Tuesday, March 29, 2011

se las trae

se las trae - ser seco para algo, ser peleador/a, a veces se usa con un tono irónico, tb se usa cuando alguien es más de lo que parece. Quizás más astuto que pareciera... to be good at something, to be an argumentative person, sometimes this expression is used ironically, but it seems not always, also it's used when someone is more than they seem. Perhaps more astute than they let on.

Esta expresión ha sido difícil para mi definir porque cuando preguntaba a los chilenos que significa la expresion, no entendia como la expresion podria significar "weon seco" pero a la vez ser peyorativo, pero la clave esta en la definicion que da el DRAE:

traerselas - se aplica a aquello que tiene mas intención, malicia, o dificultades de lo que a primera vista parece - this expression is applied to that which has more intention, malice/mischief/slyness, or difficulties then what it seems at first

So using this definition, I can see where "se las trae" can be pejorative or not. If it's pejorative, the speaker is highlighting the "malicia" in a bad way. Somebody screwing someone else over for example. However if it's meant as a compliment, I can see how it shows how the person "outsmarted" or "outdid" the rest. That the person has more ability than meets the eye. Especially in sports. Like when Chupete Suazo plays soccer, "se las trae."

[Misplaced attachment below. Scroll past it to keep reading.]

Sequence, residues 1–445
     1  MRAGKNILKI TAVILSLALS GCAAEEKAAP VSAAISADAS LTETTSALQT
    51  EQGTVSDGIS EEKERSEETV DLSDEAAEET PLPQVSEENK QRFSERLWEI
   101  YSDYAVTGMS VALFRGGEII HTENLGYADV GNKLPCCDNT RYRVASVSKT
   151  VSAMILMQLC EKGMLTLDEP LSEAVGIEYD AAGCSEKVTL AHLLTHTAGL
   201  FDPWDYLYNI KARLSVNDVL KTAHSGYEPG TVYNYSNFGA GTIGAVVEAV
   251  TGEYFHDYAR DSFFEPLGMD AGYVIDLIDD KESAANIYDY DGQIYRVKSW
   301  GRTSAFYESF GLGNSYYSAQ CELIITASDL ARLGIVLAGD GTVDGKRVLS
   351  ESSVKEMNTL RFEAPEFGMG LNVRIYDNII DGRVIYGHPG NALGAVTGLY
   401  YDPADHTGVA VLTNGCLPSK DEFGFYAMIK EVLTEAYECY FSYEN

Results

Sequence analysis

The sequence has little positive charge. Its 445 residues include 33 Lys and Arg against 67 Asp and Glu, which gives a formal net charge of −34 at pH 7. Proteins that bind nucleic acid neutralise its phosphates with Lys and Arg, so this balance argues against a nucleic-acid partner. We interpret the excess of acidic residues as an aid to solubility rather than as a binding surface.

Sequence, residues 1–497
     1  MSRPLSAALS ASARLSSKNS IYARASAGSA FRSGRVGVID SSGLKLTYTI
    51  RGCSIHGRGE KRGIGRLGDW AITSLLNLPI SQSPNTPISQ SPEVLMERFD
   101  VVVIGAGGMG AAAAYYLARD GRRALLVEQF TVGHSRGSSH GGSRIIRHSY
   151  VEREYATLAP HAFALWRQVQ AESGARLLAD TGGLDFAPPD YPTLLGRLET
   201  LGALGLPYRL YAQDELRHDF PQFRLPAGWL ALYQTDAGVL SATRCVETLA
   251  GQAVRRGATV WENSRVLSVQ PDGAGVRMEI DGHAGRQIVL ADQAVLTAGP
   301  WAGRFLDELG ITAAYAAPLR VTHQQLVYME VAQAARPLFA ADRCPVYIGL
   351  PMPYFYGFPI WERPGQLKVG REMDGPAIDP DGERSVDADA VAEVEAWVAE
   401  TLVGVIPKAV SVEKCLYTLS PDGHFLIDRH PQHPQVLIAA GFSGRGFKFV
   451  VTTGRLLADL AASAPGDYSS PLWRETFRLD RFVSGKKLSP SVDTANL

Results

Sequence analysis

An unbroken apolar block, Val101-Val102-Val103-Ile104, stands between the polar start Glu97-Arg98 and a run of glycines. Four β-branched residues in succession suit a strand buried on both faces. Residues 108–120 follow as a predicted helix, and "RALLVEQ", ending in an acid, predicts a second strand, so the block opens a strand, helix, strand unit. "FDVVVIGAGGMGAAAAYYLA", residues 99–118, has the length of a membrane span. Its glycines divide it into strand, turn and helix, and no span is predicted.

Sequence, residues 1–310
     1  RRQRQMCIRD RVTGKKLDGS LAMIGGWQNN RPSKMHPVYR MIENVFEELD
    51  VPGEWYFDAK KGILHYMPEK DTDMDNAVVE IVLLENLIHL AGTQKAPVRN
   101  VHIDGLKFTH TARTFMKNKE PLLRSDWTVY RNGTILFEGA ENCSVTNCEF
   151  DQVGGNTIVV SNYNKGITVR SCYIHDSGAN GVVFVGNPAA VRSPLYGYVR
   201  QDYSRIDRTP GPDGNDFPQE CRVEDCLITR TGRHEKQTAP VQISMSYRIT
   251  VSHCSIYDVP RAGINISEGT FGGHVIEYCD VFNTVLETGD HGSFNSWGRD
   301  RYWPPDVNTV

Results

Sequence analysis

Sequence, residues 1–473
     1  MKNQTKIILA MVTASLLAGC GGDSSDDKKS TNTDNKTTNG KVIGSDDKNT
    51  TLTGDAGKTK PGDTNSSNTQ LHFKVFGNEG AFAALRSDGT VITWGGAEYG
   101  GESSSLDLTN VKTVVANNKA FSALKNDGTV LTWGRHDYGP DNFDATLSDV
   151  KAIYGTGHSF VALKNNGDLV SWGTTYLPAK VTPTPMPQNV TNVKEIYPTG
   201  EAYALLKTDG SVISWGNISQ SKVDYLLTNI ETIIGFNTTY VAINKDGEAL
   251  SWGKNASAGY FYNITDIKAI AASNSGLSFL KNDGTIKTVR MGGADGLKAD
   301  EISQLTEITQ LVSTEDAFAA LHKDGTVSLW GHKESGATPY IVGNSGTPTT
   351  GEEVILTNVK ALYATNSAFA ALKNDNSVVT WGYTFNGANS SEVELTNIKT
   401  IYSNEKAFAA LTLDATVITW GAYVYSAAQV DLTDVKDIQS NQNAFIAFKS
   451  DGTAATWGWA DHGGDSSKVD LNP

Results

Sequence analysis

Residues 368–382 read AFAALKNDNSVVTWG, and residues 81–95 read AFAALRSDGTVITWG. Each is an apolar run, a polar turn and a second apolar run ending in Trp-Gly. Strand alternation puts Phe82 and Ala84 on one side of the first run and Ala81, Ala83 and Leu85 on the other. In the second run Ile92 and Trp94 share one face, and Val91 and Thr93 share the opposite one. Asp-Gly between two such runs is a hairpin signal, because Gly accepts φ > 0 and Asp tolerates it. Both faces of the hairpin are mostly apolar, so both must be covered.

Cesar: Oye weon viste el gol de Chupete? Enganchó a la izquieda, salió a la derecha, y al final, sacó el arquero antes de hacer el gol!!

Mario: Se las trae!


Cesar: Dude, did you see Chupete's [Suazo] goal? He faked left, went right, and finally took out the goalie before scoring!

Mario: He's awesome! *

Jechu: Ten cuidado con la Isi que se las trae.


Jechu: Be careful with Isi, because she's slyer than she seems.


general Spanish, colloquial

* I haven't found a good translation for "se las trae"...the meaning of the expression really depends on context.

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